Me­dia bias was every­where

ANAL­Y­SIS

The Jewish Chronicle - - NEWS - ADAM LE­VICK

THE FIRST port of call for an ex­am­i­na­tion of bias in me­dia cov­er­age of the teens’ mur­ders is nat­u­rally the Guardian, one of the largest pur­vey­ors of the anti-Is­rael nar­ra­tive. But it would be a mis­take to fo­cus there ex­clu­sively, as such cov­er­age is, sadly, ubiq­ui­tous.

News sto­ries dur­ing the weeks be­fore the dis­cov­ery of the bod­ies in­cluded a pre­dictable em­pha­sis on the set­tle­ments, a pic­to­rial fo­cus on Pales­tinian suf­fer­ing and a fail­ure to re­port the con­text of in­cite­ment.

Sev­eral sto­ries falsely re­ported that the teens were “set­tlers”, a pe­jo­ra­tive term used to po­si­tion Is­raeli vic­tims of ter­ror as some­how de­serv­ing their fate. The Guardian and In­de­pen­dent sug­gested this, al­though both er­rors were later cor­rected fol­low­ing our com­plaints. But the Econ­o­mist has re­fused to cor­rect their false char­ac­ter­i­sa­tion of the teens as “three young Jewish set­tlers”.

Most pho­tos fo­cused on the Is­raeli mil­i­tary re­sponse, rather than the boys or their fam­i­lies. A Daily Mail ar­ti­cle stood out as the worst ex­am­ple: 16 pho­tos de­pict­ing Is­raeli mil­i­tary op­er­a­tions near He­bron.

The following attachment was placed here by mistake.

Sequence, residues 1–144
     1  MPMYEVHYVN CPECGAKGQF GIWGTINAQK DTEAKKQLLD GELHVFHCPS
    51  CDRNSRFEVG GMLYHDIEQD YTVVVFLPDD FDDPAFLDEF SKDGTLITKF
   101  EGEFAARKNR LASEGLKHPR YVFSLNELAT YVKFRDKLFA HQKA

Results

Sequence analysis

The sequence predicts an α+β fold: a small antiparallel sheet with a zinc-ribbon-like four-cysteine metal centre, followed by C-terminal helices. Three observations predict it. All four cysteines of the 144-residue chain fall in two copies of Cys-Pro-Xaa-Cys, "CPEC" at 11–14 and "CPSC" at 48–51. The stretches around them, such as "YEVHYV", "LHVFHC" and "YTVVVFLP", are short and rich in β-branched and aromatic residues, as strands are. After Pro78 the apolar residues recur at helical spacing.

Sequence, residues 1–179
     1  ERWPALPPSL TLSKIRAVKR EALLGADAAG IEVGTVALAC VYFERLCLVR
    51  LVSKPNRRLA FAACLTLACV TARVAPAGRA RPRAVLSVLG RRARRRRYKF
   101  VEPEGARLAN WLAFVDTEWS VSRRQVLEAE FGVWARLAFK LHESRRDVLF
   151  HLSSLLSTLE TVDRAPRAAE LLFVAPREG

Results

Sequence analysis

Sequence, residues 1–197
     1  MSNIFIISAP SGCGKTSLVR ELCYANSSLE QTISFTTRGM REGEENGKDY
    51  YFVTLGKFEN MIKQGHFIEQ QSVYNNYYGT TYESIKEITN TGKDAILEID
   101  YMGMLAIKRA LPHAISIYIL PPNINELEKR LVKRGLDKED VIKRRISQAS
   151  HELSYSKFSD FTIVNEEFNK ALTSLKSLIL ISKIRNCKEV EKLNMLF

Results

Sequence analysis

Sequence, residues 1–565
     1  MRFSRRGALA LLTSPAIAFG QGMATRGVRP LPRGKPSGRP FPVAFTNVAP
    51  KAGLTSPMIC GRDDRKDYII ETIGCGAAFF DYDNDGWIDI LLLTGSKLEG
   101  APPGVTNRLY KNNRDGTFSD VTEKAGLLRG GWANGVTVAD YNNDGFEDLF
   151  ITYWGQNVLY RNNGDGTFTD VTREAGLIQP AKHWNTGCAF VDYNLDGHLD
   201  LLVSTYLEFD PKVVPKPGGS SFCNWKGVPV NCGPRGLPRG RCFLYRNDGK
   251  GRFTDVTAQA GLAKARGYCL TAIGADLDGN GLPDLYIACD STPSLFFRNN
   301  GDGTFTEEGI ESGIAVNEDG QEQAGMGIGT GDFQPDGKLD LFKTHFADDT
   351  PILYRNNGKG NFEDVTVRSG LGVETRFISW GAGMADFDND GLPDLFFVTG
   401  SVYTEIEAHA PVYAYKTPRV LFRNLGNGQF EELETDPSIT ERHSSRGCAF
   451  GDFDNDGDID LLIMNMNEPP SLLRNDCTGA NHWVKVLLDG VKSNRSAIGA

Other ex­am­ples of se­lec­tive reporting in­clude the fact that none of the ar­ti­cles men­tioned the sup­port ex­pressed by some Pales­tini­ans for the kid­nap­ping, while sev­eral found space to men­tion a mar­ginal Is­raeli Face­book group call­ing for the killing of ter­ror­ists.

There was, in­evitably, a com­mon fo­cus on Is­rael’s “dis­pro­por­tion­ate re­sponse” to the killings. The Guardian’s Jerusalem cor­re­spon­dent re-tweeted a col­league who, on learn­ing of the deaths, said his main fear per­tained to IDF “reprisals” against Pales­tinian civil­ians. A Guardian ed­i­to­rial warned Is­rael against “lash­ing out in­dis­crim­i­nately” at “all Pales­tini­ans for the ac­tions of a few”.

A Fi­nan­cial Times fea­ture fo­cused on “fears of re­tal­i­a­tion by set­tlers and a tough mil­i­tary re­sponse”, and an Econ­o­mist ar­ti­cle on an en­tirely dif­fer­ent sub­ject man­aged to in­veigh against the “un­jus­ti­fied suf­fer­ing” likely to be in­flicted upon in­no­cent Pales­tini­ans. A story in the In­de­pen­dent also em­pha­sised “Pales­tini­ans’ fear of Is­raeli col­lec­tive pun­ish­ment”.

In short, sto­ries were typ­i­cally aligned with the UK me­dia’s pre­ferred nar­ra­tive — Is­raeli ag­gres­sion and Pales­tinian vic­tim­hood. UK read­ers, how­ever, have a right to de­mand higher stan­dards, in which facts, bal­ance and ob­jec­tiv­ity take prece­dence over the kind of agenda-driven jour­nal­ism which continues to com­pro­mise UK me­dia cov­er­age of the Mid­dle East. Adam Le­vick is Man­ag­ing Edi­tor, CiF Watch

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